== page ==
Economist and UNLV alumnus Jeremy Aguero is the featured speaker at the Rebel Business Network's Nov. 18 luncheon. His talk, "Local Economic Forecast: How Will Your Business Be Affected?," will offer a candid conversation about Southern Nevada's future.
A fourth-generation Nevadan, Aguero received a BS in Hotel Administration in 1997 and his law degree in 2004 from UNLV. He is the principal analyst of Applied Analysis is Las Vegas.
What drove you to become an economist?
It was somewhat serendipitous. As I was completing my bachelor's degree I worked for the firm Coopers and Lybrand, so that opened the door for that kind of work. Then, my professor, (the late UNLV economics professor) Shannon Bybee, asked me to help him write a paper for the federal gaming impact study commission. It gave me my first opportunity to do economics research on a real issue that affected my community. I was hooked on it after that.
What's the biggest misconception about your field?
Economics is one of those things where people see the world through their own lens. Someone in the construction industry will see the issue one way. A legislator will see it another. My job is to look at the entire picture and provide our clients with the information they need to do their jobs better.
When it comes down to it, if you're working on any real issue, roughly 50 percent of the people are going to want to believe you're wrong. But I'm not an advocate. I'm not there to be out in front of the issue.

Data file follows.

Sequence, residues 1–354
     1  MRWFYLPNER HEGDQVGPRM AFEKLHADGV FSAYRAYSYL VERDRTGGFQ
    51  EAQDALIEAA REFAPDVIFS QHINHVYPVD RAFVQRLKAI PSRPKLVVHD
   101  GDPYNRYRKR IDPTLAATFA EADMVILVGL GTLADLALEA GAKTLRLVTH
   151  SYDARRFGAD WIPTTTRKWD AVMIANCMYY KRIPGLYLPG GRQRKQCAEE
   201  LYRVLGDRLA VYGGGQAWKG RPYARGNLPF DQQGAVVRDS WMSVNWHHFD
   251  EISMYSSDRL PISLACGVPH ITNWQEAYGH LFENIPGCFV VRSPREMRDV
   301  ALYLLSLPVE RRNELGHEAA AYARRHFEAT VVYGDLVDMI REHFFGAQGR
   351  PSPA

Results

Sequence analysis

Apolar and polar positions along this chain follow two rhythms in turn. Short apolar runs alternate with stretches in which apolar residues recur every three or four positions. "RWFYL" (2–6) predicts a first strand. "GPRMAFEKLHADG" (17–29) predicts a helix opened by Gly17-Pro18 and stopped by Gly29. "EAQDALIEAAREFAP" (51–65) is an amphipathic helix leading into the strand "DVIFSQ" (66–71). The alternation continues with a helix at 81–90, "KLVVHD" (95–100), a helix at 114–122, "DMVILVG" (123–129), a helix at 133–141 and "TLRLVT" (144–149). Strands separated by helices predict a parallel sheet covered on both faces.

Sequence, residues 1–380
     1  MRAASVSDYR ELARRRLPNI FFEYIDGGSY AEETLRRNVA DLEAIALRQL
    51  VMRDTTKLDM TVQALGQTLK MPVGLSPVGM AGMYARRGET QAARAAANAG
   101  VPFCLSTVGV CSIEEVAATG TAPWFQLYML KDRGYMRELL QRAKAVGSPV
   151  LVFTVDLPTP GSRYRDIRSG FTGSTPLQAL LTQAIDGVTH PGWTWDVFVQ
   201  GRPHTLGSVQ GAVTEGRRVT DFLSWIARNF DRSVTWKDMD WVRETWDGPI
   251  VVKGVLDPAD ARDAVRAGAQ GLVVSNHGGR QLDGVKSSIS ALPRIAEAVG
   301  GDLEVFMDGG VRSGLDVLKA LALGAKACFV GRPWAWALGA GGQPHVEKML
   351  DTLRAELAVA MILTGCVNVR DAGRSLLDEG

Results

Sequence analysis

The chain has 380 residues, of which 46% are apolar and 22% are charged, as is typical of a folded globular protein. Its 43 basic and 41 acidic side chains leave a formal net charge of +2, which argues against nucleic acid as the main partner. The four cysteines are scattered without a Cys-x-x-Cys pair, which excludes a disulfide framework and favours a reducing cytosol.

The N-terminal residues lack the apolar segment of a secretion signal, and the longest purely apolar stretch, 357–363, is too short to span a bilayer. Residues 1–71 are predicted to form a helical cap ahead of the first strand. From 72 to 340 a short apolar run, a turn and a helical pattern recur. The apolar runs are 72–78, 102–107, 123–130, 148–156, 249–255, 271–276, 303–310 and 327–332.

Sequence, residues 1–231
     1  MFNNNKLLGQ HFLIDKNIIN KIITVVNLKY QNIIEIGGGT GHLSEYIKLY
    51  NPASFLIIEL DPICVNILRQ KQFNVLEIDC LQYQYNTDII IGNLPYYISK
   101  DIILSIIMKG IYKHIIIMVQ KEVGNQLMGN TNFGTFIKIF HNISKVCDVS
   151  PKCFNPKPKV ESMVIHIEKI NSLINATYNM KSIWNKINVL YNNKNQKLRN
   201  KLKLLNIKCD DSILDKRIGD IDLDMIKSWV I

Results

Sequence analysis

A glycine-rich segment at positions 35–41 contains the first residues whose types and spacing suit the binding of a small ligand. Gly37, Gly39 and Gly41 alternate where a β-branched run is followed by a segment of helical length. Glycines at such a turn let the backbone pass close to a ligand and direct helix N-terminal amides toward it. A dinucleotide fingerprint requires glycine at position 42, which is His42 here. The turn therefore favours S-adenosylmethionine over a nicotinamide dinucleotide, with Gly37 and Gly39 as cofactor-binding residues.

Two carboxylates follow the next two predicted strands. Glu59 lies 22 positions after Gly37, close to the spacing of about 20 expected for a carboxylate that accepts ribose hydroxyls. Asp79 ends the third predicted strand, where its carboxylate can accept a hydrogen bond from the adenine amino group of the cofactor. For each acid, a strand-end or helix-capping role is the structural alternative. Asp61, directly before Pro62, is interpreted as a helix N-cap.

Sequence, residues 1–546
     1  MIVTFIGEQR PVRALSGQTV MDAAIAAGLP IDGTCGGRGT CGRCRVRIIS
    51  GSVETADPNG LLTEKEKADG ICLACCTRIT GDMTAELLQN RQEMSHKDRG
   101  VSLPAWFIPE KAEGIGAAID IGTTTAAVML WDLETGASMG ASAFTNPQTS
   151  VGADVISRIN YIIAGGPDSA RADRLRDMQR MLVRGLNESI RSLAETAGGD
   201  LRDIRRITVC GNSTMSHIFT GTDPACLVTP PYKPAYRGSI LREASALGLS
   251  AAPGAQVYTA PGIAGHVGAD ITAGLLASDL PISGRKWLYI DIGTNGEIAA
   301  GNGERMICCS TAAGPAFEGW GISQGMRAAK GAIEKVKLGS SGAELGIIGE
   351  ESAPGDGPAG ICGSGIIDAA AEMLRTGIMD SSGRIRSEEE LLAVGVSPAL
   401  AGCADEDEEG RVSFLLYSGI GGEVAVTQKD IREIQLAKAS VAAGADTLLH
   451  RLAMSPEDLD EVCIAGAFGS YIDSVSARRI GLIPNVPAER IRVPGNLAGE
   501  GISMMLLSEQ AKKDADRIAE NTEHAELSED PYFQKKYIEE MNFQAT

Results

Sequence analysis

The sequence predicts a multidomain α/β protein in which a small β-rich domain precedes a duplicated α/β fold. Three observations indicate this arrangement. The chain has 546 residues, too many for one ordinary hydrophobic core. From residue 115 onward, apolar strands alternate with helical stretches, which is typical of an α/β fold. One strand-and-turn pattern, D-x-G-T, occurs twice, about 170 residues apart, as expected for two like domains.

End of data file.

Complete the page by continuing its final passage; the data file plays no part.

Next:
Any predictions for 2015?
I think it's going to be a really interesting year. 2013 was about getting some distance from the recession. 2014 was about getting back to something that could be called normal. Now, it's about understanding what our normal is.
This really is a great time to be having a conversation about the economy. We have a legislative session coming up, population growth, and the housing market has gone from fast depreciating to fast appreciating. There is job creation again, $9 billion in construction planned or proposed. Tesla is a huge deal in the north and (unmanned aerial systems) in the south. (UNLV) is really doing some incredible things right now. We're seeing the evolution of Southern Nevada right before our eyes and so many of these things, I'm proud to say, are represented by UNLV alumni.
If you had a magic wand and could fix something about Nevada's economy, what would it be?
The education system. It's the silver bullet and the thing that's most problematic for our community today. Many people point to wages and jobs and issues of poverty, but all of that in one way or another is rooted in education.